News: Hot and cold: From combat to taxes
Story by Sgt. Christopher Gaylord
JOINT BASE LEWIS-McCHORD, Wash. – Spc. Lucas Sutton has always believed that in life things happen for a reason.
So when a severe knee injury interrupted his ability to perform any longer as an infantryman and shattered his longtime dreams of becoming an Army ranger, he let his faith run its course.
“It’s sad, but I’m a very positive person, and I like to think on the upside of life,” he said. “I’m a big believer in ‘everything happens for a reason.’”
Now, little more than a year after a serious case of runner’s knee brought his aspirations to a screeching halt, the Virginia Beach, Va., native has found himself in a rather peculiar situation for combat soldiers – still serving in the Army, but now preparing taxes instead of training in the field.
And although the 23-year-old admits he never would have seen himself in the Army and working in an office job at the same time, he’s happy.
Sutton works with 26 other soldiers at the Joint Base Lewis-McChord Tax Center located off 41st Division, across from the Lewis-Main Post Exchange, preparing taxes for the installation’s service members and their families, government civilians and military retirees.
“It’s not as action-packed, obviously,” Sutton said. “It’s less running around, and over here it’s calmer.”
“It’s like hot and cold, really; it’s a complete opposite.”
He joined his new team at the center in November 2010 from his infantry company in 4th Brigade, 2nd Infantry Division, after doctors discovered the cartilage in his left knee had worn down so severely that the ends of his bones had begun to scrape against one another.
It looked as though his 2009 deployment to Iraq and the miles of running with his squad for physical training each morning had done Sutton in.
After his diagnosis he worked details – odd jobs, essentially – because he’d been deemed unfit to remain in his infantry unit.
“I was on detail after detail after detail,” he said. “Instead of going out and training, they put me on a detail at the motor pool to do checks on the Strykers.”
Sutton said he felt worthless – empty.
But today he might thank his leadership for choosing him to join other Soldiers from units across JBLM to support the center, which now stays open year round and offers its services Monday through Friday from 9 a.m. to 8 p.m. and Saturday from 9 a.m. to 5 p.m.
And like the other soldiers serving there with him, who traded in their old jobs – some for a few months and some for good – Sutton is now fulfilling a higher purpose.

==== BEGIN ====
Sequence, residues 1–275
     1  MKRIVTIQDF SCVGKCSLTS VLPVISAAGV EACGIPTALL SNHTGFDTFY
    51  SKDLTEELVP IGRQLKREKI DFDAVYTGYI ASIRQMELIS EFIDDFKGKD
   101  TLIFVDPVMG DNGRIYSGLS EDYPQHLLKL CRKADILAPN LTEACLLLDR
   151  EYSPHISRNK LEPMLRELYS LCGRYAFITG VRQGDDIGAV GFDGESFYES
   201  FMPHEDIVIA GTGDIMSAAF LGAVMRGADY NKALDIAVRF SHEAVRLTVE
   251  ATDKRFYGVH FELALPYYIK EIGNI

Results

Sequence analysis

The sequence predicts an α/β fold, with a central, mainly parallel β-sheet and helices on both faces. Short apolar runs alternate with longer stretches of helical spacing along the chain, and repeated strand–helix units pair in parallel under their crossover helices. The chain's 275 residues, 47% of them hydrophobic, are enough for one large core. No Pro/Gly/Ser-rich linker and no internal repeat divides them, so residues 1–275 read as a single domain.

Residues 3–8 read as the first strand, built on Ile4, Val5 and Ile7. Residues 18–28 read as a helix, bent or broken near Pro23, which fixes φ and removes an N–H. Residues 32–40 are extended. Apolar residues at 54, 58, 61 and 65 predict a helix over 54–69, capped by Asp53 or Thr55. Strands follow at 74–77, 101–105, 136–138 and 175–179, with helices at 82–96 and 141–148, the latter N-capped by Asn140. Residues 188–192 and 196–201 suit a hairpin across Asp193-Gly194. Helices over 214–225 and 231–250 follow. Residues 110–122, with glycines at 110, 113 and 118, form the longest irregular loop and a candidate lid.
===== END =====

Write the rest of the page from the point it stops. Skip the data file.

“It’s definitely a big sense of pride and pleasure,” Sutton said. “Helping soldiers out is a big thing in most people’s lives. I don’t know who wouldn’t want to help out soldiers.”
“You get some people here who get pretty high refunds, so it’s definitely a big pleasure thing.”
“They’re in a situation where they feel valuable, and they’re utilized,” said Capt. Sean Flood, the officer in charge at the tax center, which opened its doors Jan. 23 to those filing their 2011 taxes.
Flood said many of the soldiers working in the center, whom Internal Revenue Service representatives and experienced Army financial personnel train for approximately two months to use software to file taxes and master tax-related forms, were selected to do so by their leadership because of injuries that no longer allowed them to remain in their old occupations.
They’re infantrymen, engineers and military police. Some are former squad leaders, some team leaders.
Sgt. Brian Slates was a cavalry scout.
That was before a roadside bomb struck his squad’s Stryker fighting vehicle in 2010 during his deployment to Iraq with 3rd Brigade, 2nd Inf. Div.
Slates’s unit sent him to Balad, Iraq, for two weeks to receive medical care, but for the next several months he would ultimately try and tough it out.
Eventually, however, an MRI scan revealed torn tendons in both his ankles.
“I need like four surgeries on my ankle, one on my knee and possibly something on my back,” said Slates, a Joplin, Mo., native the Army called back from the inactive ready reserves to active duty service before his deployment.
“I told them if I was going back in, I’d just go active,” he said. “Very shortly after, I reenlisted. I was having a good time.”
The tax center is a different environment for Slates, who, as a scout spent his days laying out equipment, preparing for the field and leading improvised combat-related training.
“You don’t really hang out in the office in the scout life,” he said. “Here, I’m in the office all day.”
But nonetheless he enjoys himself.
“I kind of like taxes,” Slates said. “I find it kind of fun to do them.”
“I can apply this forever,” he said, now 13 months past his first days learning office work and how to navigate W-2 forms. “I mean, I won’t ever have to pay anyone to do my taxes.”
And Flood sees benefit elsewhere, too.
“Here, they’re actually doing something and they’re keeping busy, and I think that’s the thing they like about it the most,” said Flood, a Clive, Iowa, native. “I think it’s better for their morale.”
Sutton still looks back on his time with the infantry – his time hoping to move on and join the rangers.
“It’s depressing at one point,” he said. “I wanted to be a ranger pretty bad.”
He still looks back on days spent firing at the range.
“When I was doing infantry I loved it,” he said. “You still miss it. I miss going to ranges all the time, but it’s something you’ve got to get over.”
But as is fitting of his optimist personality, Sutton is looking at the brighter side of things as well.
“It gives me some knowledge with something I can move on with in the future, because you’re always going to need to know how to do taxes,” he said.
“I’ve done three or four jobs in the Army, and I signed up to do one.”